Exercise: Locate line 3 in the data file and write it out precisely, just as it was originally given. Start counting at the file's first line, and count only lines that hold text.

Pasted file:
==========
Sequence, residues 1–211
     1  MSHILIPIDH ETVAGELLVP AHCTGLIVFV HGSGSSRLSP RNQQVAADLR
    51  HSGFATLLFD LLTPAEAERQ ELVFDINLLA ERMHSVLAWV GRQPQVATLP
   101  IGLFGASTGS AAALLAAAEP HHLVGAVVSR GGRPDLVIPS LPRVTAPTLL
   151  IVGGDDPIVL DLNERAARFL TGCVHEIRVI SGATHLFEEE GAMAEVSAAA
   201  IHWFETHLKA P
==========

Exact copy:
    51  HSGFATLLFD LLTPAEAERQ ELVFDINLLA ERMHSVLAWV GRQPQVATLP